Design Award Entries

Little Rock Southwest High School

Created by the merger of two high schools in a large urban district, this new facility both physically and figuratively blends the history, legacy, people, and spirit of former rivals into a modern campus for more than 2,250 students.

Project Statement

Located equidistant from the two campuses that this new facility replaces, Little Rock Southwest High School must at once merge past traditions while also forging its own new identity for students in the 21st century. Planned for 2,250 students, the three-level facility incorporates more than 65 modern classrooms, advanced science laboratories, a robotics lab, art rooms, dance studios, tiered collaboration classrooms, a large media center, a multi-level cafeteria for 850 students, and a 1,200-seat auditorium, among other amenities. The campus includes a 2,400-seat basketball arena, a football/soccer stadium for 4,000 spectators, a Track & Field complex for 500, Baseball and Softball stadiums, and a tennis complex.

The 55-acre site was intentionally arranged to create distinct zones between public/private and academic/athletic. The academic wing running east-west isolates public/visitor access on the north to the school, stadium, and arena, from the private/student zones on the south. The cafeteria, art and auditorium form that runs north-south engages the academic building with the athletic facilities to the east. The stadium is intentionally enclosed by the mass of the arena on the north, academic building on the west, and the field house on the south to create a sense of enclosure and to maximize fan noise and the game-day experience.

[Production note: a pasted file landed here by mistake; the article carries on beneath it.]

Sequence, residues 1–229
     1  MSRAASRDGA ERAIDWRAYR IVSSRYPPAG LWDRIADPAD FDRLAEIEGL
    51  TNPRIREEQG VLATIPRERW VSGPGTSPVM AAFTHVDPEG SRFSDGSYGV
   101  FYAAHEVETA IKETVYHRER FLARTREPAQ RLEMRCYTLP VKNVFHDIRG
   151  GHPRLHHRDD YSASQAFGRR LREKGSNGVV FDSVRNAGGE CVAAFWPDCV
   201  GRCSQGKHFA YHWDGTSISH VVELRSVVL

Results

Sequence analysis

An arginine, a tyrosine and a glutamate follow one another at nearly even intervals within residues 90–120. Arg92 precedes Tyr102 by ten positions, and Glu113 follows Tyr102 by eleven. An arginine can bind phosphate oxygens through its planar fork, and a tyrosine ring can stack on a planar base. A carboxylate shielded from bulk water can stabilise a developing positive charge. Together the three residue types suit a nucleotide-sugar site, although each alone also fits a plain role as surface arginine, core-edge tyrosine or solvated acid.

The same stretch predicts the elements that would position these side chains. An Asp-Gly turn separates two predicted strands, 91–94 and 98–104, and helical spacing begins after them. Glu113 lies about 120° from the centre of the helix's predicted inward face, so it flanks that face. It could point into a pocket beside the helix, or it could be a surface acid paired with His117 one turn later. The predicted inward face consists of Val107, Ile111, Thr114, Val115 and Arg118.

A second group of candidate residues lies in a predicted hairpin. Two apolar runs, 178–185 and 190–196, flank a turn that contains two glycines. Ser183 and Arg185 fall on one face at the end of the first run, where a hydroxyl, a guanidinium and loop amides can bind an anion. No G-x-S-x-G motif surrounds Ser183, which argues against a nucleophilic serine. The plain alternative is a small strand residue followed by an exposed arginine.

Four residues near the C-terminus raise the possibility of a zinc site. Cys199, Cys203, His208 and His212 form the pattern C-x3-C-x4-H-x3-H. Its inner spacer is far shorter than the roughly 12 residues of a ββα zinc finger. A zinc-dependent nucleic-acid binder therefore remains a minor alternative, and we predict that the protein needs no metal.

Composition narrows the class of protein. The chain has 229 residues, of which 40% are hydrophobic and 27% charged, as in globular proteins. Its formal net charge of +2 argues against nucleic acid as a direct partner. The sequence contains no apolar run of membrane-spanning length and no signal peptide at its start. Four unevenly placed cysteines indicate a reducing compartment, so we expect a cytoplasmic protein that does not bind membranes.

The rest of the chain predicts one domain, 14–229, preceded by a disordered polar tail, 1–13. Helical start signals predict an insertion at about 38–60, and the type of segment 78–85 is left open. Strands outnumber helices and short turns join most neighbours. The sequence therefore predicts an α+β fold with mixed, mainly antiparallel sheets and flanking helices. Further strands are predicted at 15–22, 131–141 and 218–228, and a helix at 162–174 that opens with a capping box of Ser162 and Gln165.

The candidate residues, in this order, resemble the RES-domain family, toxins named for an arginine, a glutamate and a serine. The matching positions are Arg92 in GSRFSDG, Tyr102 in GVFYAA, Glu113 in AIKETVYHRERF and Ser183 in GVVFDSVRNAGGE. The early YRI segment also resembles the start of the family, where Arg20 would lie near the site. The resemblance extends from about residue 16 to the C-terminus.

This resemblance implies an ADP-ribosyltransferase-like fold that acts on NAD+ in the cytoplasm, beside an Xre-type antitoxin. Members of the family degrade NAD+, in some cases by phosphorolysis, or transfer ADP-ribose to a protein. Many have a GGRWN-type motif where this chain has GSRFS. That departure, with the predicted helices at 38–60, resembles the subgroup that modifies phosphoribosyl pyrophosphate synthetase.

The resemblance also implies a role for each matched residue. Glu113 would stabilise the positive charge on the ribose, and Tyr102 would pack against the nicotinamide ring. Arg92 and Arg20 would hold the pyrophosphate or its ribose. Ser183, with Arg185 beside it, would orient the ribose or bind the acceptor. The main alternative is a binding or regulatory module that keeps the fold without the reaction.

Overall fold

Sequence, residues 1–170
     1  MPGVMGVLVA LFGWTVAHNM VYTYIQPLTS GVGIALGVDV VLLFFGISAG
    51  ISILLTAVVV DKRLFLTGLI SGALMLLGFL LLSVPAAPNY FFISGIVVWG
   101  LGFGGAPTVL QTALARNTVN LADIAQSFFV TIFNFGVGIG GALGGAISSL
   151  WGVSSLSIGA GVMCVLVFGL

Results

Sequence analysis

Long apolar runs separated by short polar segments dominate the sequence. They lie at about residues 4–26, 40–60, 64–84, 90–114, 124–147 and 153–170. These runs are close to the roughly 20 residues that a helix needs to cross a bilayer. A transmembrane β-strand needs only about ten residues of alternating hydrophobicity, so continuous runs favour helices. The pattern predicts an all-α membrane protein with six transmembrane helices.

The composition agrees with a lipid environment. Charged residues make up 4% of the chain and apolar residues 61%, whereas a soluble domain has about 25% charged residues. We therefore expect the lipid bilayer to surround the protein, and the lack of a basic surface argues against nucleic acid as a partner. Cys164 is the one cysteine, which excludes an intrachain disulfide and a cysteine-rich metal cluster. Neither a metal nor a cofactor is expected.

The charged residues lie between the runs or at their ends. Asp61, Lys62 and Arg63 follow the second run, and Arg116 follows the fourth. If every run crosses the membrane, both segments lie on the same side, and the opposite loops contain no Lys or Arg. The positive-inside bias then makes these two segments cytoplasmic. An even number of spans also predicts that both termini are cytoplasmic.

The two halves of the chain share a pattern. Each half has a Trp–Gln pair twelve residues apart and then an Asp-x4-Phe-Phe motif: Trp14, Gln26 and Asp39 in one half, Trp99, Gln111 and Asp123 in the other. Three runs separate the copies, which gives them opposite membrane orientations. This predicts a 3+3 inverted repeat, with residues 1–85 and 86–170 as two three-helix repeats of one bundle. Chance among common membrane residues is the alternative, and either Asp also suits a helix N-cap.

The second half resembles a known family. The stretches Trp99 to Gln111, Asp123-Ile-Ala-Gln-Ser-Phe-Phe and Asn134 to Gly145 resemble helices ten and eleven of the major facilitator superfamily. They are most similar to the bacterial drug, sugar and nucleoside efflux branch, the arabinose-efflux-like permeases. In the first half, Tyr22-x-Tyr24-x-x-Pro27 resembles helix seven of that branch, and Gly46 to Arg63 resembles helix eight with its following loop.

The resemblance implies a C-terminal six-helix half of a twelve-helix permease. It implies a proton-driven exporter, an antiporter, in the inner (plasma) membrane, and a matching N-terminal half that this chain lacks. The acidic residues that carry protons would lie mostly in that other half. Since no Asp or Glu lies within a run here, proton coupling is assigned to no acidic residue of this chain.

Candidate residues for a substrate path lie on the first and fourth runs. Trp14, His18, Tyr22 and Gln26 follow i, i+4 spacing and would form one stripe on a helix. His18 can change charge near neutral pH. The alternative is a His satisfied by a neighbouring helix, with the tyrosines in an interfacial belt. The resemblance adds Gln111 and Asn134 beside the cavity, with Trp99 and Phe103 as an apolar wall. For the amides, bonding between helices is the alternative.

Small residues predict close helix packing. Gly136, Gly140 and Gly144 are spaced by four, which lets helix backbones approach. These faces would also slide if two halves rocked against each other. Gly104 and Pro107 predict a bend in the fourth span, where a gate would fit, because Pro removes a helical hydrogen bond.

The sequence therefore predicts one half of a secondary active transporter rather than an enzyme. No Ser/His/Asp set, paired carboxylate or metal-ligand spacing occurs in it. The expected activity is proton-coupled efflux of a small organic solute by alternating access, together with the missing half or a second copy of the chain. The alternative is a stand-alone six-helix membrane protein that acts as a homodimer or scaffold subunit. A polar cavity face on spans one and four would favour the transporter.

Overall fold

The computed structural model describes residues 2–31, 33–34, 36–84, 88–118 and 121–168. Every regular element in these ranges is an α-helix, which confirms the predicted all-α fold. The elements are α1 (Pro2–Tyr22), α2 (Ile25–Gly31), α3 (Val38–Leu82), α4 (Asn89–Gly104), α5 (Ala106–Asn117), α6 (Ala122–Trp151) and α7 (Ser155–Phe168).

Evoking historic schools in the district, the building is clad in a traditional brick material, and then strategically articulated and delaminated to expose the modern, transparent ribbon of glass and school-branded colored panels that hint at the 21st century educational process within. This glass & metal ribbon, beginning at ground-level on the south side of the classroom wing, wraps around the entire perimeter of the academic building, defining the tiered collaborative classrooms, forming the covered portico over the main entry, and ultimately transitioning to a complete ribbon of cantilevered glass that serves as the press box overlooking the football stadium.

The pedagogy for the high school is designed as an academy structure of focused college and career readiness pathways. Within each pathway, interdisciplinary teaching methods are used to increase student exposure to various fundamentals. The architectural response to this concept is to put learning on display within atriums that vertically bisect the academic building. These atriums provide visual and physical connection between floors, facilitate collaboration between faculty and students, extend natural light down into the core of the building, and are lined with glass-enclosed classrooms that showcase student work and active learning to students who may otherwise not be exposed to certain subjects.

An additional goal of the district was that the school should not only function as a safe place to education children, but also be a resource for the neighborhood. To this end, the school campus includes after-hours access to community-use soccer fields, walking trails, and the auditorium with its own dedicated entrance and parking for public events. Integration of the community fabric into the design and use of the facility fosters pride not only for the school and its immediate neighborhood, but for the entire city.

AIA Arkansas